Partner Influence in Diet and Exercise Behaviors: Testing Behavior Modeling, Social Control, and Normative Body Size

PLoS One. 2016 Dec 29;11(12):e0169193. doi: 10.1371/journal.pone.0169193. eCollection 2016.

Abstract

Previous research has documented social contagion in obesity and related health behaviors, but less is known about the social processes underlying these patterns. Focusing on married or cohabitating couples, we simultaneously explore three potential social mechanisms influencing obesity: normative body size, social control, and behavior modeling. We analyze the association between partner characteristics and the obesity-related health behaviors of focal respondents, comparing the effects of partners' body type, partners' attempts to manage respondents' eating behaviors, and partners' own health behaviors on respondents' health behaviors (physical activity, fruit and vegetable consumption, and fast food consumption). Data on 215 partners are extracted from a larger study of social mechanisms of obesity in family and community contexts conducted in 2011 in the United States. Negative binomial regression models indicate that partner behavior is significantly related to respondent behavior (p < .001), net of controls. These results are suggestive of a behavior modeling mechanism in obesity-related patterns of consumption and physical activity. In contrast, we find little support for the influence of normative body size or partner social control in this sample, though generalizations about the relevance of these processes may be inappropriate. These results underscore the importance of policies and interventions that target dyads and social groups, suggesting that adoption of exercise or diet modifications in one individual is likely to spread to others, creating a social environment characterized by mutual reinforcement of healthy behavior.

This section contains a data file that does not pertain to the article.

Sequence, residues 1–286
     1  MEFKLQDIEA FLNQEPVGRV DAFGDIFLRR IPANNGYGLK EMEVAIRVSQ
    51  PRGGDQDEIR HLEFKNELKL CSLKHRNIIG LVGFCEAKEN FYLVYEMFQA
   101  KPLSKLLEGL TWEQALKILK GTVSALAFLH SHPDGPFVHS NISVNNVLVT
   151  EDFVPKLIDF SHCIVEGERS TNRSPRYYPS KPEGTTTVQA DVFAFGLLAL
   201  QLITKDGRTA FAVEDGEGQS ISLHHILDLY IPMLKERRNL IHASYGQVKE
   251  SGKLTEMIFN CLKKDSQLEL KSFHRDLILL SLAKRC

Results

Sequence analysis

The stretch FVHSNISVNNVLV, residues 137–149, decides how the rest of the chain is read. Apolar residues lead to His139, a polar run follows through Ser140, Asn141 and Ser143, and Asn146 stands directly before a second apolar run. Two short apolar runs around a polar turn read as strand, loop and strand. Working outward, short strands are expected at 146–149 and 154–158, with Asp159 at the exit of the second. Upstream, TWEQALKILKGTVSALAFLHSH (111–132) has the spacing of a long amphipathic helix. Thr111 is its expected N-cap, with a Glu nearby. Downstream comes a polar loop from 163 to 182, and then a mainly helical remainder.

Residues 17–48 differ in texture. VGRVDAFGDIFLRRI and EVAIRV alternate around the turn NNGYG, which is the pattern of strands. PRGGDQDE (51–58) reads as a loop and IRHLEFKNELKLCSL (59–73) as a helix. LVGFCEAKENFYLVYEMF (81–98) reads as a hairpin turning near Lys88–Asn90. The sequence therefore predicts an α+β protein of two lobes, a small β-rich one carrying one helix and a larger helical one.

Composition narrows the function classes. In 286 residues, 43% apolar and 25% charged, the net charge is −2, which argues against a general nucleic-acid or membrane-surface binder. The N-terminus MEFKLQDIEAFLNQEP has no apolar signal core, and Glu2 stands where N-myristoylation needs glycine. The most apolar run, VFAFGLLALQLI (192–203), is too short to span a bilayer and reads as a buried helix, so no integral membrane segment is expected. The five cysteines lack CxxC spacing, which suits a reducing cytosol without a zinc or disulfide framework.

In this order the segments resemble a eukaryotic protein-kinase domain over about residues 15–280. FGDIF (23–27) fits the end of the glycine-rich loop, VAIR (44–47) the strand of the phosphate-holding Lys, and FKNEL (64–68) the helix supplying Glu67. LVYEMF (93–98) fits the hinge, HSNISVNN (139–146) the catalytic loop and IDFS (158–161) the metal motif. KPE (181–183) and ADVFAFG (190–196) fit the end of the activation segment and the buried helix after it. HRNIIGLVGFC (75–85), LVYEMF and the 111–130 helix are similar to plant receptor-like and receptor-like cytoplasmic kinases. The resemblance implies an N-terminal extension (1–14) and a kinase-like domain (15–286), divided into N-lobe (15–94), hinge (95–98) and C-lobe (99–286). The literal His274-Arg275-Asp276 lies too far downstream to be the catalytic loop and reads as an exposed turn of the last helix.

MeSH terms

  • Adolescent
  • Adult
  • Body Size*
  • Child
  • Child, Preschool
  • Exercise / psychology*
  • Feeding Behavior / psychology*
  • Female
  • Fruit
  • Health Behavior
  • Humans
  • Interpersonal Relations*
  • Male
  • Nutritive Value
  • Sexual Partners / psychology*
  • Vegetables

Grant support

This research was funded by the Center for Poverty Research at the University of Kentucky and by the Office of the Vice President for Research at Indiana University through the Collaborative Research and Creative Activity Fund, and supported by the Indiana University Network Science Institute. The funders had no role in study design, data collection and analysis, decision to publish, or preparation of the manuscript.